In his 1942 "Memoirs of An Octogenarian," John D. Bellamy noted that Davis "had no toleration for new ideas. He did not believe in popular education---it was a heresy with him. He was a Cavalier, not a Puritan. On one occassion he said to me:


"This thing you boys are advocating, called progress, and the introduction of new notions is wrong; it is but a synonym for graft

and rascality."


He despised hypocrisy and hated demagoguery. He was a great stickler

for decorum. On one occassion, seeing a young lawyer with his feet elevated and resting on a table in the presence of the court and jury,

Mr. Davis came by and tapping the young man gently on the shoulder,

said to him: "Young man, no gentleman will put his feet on the table in

the presence of the court and jury."


When informed of the death of George Davis, Mrs. Varina Davis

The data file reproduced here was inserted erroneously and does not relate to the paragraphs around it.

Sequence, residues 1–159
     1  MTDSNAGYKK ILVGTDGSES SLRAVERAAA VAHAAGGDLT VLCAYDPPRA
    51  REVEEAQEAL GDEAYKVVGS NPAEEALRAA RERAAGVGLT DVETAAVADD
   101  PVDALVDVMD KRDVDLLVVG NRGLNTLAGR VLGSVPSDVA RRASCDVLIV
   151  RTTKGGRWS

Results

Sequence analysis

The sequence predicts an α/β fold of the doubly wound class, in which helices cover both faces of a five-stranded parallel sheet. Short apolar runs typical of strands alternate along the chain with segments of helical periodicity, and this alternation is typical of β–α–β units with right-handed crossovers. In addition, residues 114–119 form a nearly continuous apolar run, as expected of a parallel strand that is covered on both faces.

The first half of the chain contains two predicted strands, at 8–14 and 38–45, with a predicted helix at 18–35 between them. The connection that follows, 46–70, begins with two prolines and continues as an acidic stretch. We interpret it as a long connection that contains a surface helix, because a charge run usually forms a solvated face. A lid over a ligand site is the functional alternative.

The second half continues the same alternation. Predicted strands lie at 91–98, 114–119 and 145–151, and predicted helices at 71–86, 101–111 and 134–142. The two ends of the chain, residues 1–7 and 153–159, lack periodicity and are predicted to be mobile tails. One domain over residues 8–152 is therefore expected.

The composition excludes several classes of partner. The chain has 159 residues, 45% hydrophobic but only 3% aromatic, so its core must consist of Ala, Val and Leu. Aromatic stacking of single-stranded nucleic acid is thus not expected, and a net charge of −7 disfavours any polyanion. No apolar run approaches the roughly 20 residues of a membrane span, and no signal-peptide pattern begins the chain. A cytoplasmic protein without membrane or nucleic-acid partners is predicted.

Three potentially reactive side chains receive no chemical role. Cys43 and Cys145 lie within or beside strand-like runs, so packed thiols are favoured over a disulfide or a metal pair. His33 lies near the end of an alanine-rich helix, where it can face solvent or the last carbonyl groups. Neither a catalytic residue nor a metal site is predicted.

(wife of the President) wrote that George Davis was "one of the

most exquisitely proportioned of men. His mind dominated his body, but his heart drew him near to all that was honorable and tender,

as well as patriotic and faithful, in mankind. He was never dismayed by defeat, but never protested. When the enemy was at the gates of Richmond he was fully sensible of our peril, but calm in the hope

of repelling them, and if this failed, certain of the power and will

to endure whatever ills had been reserved for him.


His literary tastes were diverse and catholic, and his anxious mind found relaxation studying the literary confidences of others in a greater degree than I have ever known in any other public man

except Mr. Benjamin. My husband felt for him the most sincere friendship as well as confidence and esteem, and I think there was never a shadowintervened between them. I mourn with you over our loss, which none who knew him can doubt was his gain."

During World War II the Liberty ship SS George Davis built in Wilmington's shipyard was named in his honor.





Proceedings of the State Literary & Historical Assn, Conner, 1919

Memoirs of an Octogenarian, John D. Bellamy, 1942

Chronicles of the Cape Fear, James Sprunt, 1916

Dictionary of North Carolina History, William S. Powell, 1986

Wilmington During the Civil War, H.J. Beeker, Duke Thesis, 1941